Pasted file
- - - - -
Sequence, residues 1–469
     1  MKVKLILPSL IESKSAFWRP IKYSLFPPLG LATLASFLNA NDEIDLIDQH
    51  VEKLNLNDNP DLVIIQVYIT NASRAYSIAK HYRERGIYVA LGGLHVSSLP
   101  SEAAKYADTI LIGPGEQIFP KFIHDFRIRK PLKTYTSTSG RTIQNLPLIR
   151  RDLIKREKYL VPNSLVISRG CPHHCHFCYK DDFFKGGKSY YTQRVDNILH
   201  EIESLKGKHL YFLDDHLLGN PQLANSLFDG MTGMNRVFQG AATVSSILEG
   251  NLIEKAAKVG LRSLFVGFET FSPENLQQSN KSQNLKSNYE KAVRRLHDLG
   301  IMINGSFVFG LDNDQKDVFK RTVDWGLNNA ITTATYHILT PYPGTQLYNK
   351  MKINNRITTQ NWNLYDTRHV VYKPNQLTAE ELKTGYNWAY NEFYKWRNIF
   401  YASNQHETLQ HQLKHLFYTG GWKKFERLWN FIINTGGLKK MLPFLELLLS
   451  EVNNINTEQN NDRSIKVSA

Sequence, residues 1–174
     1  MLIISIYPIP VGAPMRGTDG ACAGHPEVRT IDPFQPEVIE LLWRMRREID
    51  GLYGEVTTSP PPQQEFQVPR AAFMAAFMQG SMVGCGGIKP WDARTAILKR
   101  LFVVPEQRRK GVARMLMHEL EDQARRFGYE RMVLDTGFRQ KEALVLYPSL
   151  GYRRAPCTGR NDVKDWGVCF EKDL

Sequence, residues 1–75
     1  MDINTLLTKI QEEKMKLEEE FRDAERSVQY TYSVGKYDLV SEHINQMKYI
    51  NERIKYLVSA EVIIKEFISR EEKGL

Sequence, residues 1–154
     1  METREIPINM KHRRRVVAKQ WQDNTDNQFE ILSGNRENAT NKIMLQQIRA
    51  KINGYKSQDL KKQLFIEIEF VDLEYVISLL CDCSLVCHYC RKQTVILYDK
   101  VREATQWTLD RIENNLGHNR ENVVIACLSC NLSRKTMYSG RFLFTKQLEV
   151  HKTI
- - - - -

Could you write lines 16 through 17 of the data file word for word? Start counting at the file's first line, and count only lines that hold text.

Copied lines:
   151  GYRRAPCTGR NDVKDWGVCF EKDL

Sequence, residues 1–75